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‘Predator’ Screenwriters Sue Disney to Reclaim Rights to the Franchise

Writers are seeking to exploit copyright law’s termination provision

“Predator” screenwriters Jim and John Thomas, who wrote the original 1987 Arnold Schwarzenegger sci-fi classic, have filed a lawsuit in California federal court against Disney in an effort to recapture the rights to the franchise.

The Thomas brothers are specifically trying to use copyright law’s termination provision, which allows authors to cancel transfers after waiting a period of time, and are asking a judge to “provides authors with the inalienable right to recapture the copyright to their creative work,” according to legal documents obtained by TheWrap. The original spec of “Predator,” originally titled “Hunters,” was acquired in 1986 by Twentieth Century Fox (and now owned by Disney after the merger), and the Thomas brothers are seeking a termination date of April 17, which is this Saturday, according to the complaint.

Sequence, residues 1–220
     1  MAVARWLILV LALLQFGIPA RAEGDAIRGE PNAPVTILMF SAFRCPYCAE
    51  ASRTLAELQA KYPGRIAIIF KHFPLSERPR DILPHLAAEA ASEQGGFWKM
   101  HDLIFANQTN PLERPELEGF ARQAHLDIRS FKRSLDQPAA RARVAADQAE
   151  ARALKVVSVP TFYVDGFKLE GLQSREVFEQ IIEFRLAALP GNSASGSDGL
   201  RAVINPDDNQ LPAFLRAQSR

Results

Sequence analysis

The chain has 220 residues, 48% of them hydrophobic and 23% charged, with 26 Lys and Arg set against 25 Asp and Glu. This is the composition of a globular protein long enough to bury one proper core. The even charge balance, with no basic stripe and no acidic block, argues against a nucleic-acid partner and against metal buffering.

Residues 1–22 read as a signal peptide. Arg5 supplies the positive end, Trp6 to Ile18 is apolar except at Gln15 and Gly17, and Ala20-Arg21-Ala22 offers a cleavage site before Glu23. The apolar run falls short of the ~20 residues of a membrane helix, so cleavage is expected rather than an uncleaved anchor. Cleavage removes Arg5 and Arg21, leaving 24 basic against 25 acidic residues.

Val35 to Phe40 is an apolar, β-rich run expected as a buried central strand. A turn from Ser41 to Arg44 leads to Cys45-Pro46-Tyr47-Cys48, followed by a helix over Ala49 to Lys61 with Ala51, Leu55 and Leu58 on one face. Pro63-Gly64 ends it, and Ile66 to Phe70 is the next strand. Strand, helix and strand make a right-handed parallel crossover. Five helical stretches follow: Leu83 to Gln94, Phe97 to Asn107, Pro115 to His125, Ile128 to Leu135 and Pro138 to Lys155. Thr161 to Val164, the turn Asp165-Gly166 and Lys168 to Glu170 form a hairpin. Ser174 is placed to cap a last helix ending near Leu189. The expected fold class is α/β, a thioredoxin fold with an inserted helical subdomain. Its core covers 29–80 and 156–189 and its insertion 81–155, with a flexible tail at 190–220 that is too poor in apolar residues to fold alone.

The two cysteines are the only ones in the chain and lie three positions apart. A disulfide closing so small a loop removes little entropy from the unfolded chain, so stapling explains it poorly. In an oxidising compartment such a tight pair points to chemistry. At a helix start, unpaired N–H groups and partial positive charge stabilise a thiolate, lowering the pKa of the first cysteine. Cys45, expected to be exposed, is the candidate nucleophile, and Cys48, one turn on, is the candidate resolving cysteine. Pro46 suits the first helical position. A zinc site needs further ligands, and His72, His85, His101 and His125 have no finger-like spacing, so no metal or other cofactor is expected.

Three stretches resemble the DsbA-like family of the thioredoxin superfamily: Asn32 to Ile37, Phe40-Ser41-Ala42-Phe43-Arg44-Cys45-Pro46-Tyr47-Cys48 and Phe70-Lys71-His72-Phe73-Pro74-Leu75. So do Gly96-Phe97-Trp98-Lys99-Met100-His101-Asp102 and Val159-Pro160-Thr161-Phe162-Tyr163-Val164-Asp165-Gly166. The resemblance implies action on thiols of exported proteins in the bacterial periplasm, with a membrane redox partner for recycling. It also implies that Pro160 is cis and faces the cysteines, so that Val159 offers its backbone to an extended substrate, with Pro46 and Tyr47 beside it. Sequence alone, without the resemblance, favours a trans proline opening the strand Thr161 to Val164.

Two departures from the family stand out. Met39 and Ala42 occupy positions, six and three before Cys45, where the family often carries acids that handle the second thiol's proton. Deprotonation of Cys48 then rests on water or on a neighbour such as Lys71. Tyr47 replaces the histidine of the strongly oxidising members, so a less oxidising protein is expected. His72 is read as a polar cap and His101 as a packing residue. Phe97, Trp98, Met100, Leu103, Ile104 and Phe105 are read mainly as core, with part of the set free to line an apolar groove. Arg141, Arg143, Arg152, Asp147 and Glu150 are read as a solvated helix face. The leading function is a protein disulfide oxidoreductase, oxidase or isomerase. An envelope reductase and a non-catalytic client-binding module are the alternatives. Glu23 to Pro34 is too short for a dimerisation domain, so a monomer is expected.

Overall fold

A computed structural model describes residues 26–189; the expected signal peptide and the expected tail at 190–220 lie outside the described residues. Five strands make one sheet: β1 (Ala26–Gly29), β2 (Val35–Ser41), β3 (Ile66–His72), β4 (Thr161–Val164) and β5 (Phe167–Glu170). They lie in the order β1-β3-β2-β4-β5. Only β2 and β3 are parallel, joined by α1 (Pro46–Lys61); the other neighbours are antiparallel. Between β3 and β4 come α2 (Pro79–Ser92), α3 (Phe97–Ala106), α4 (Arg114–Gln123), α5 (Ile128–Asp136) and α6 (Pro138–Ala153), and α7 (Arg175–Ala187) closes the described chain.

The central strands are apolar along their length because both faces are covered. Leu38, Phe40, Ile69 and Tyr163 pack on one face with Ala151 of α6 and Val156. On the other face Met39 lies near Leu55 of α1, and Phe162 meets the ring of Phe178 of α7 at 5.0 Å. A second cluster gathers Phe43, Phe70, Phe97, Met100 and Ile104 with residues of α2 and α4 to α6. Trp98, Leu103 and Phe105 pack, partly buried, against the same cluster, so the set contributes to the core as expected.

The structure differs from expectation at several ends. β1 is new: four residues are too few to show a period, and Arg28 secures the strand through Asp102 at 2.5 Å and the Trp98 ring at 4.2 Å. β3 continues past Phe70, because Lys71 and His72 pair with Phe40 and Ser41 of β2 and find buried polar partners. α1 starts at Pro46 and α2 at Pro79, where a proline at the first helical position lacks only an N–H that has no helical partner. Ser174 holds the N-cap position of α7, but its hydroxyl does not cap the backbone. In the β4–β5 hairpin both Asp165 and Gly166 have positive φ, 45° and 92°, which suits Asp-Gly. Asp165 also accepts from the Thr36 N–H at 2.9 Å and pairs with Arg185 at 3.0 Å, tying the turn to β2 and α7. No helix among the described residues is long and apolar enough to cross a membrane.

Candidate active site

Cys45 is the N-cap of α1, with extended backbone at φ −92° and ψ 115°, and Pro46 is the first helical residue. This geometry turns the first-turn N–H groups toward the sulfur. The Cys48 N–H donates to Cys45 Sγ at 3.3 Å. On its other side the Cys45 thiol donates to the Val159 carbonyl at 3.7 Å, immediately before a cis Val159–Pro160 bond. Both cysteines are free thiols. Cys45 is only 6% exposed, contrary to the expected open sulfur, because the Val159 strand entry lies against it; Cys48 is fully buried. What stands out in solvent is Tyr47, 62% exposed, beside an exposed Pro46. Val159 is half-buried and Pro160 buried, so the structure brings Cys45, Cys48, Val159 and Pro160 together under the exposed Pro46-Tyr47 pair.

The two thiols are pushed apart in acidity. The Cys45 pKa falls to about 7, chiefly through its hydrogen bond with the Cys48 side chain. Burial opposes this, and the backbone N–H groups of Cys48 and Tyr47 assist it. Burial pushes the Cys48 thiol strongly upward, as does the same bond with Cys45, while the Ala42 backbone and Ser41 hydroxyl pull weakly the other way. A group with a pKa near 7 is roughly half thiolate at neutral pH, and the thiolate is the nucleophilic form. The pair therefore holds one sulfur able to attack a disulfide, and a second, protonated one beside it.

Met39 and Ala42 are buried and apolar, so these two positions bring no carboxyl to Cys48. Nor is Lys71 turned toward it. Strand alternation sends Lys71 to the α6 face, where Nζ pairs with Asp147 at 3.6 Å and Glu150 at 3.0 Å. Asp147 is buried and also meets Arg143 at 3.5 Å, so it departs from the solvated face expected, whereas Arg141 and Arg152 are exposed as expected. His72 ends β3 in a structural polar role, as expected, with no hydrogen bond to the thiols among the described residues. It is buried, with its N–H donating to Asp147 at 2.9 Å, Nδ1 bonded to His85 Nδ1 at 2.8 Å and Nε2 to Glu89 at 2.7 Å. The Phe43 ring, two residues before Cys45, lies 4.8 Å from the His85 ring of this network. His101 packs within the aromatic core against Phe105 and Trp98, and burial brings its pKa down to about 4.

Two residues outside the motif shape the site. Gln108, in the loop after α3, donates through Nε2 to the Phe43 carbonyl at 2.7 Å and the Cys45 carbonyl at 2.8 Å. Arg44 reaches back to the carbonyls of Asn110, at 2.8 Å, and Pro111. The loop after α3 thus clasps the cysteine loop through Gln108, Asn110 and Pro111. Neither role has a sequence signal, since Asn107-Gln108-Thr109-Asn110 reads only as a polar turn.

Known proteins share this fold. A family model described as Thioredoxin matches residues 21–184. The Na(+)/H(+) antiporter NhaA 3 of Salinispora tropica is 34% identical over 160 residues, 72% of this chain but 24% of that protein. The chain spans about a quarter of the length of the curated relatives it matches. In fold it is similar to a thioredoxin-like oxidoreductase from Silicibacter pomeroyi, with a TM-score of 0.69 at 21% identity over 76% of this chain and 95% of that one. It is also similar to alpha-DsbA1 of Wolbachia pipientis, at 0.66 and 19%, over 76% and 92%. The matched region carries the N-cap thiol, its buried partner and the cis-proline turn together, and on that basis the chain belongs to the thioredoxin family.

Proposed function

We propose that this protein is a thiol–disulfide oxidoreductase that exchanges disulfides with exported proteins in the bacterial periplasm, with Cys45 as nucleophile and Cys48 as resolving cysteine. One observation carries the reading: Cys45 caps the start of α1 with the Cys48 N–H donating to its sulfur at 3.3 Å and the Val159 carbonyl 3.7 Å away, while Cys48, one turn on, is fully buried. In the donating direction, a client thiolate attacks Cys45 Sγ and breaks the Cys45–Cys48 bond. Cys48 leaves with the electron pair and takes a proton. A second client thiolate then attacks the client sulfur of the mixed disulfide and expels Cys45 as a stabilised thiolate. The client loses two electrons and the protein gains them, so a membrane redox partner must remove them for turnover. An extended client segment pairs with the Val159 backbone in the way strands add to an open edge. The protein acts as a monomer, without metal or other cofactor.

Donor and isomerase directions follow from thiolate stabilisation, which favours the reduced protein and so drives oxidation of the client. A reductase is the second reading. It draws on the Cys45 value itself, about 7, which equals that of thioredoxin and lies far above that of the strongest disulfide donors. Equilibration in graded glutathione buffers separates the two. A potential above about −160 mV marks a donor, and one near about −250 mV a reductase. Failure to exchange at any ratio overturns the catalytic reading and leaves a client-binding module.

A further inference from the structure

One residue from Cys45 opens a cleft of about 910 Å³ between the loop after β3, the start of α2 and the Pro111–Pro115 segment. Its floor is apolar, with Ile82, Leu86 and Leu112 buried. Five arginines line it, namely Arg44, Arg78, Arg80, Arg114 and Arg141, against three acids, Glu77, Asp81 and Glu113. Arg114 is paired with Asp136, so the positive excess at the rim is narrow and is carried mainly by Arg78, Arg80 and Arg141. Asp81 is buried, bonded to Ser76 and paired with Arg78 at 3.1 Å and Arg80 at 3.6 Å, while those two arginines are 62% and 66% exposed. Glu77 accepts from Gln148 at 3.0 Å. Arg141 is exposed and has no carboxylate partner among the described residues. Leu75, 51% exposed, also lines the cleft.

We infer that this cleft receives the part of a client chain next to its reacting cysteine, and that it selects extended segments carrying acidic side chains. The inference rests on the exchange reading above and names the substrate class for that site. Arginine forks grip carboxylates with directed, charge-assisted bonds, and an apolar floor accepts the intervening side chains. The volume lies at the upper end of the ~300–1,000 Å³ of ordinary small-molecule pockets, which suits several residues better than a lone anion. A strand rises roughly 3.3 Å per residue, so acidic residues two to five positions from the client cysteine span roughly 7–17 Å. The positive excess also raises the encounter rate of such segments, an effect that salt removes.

In the original “Predator,” Schwarzenegger played the leader of an elite special forces team on a mission to rescue hostages from guerrilla territory in Central America — before being hunted down by an advance alien life form. The film spawned three sequels plus the spin-off franchise, “Alien vs. Predator.” Dan Trachtenberg is set to direct the fifth installment of the “Predator” franchise.

The Thomas brothers say in 2016, they served a notice of termination to Disney and didn’t hear any objections for four-and-a-half years. It wasn’t until Jan. 2021 that they say “Defendants’ counsel unexpectedly contacted Plaintiffs’ counsel, contesting the Termination Notice as supposedly untimely, based on a theory that the 1986 Grant of the Screenplay underlying their ‘Predator’ films allegedly qualified for the special, delayed termination time ‘window’ in 17 U.S.C. ยง 203(a)(3), intended for ‘book publication’ grants.”

The Thomas Brothers are asking a judge to rule in their favor and terminate the copyright. They are also asking for legal costs and attorney fees.

Disney couldn’t be reached for comment.

The Hollywood Reporter first reported the news.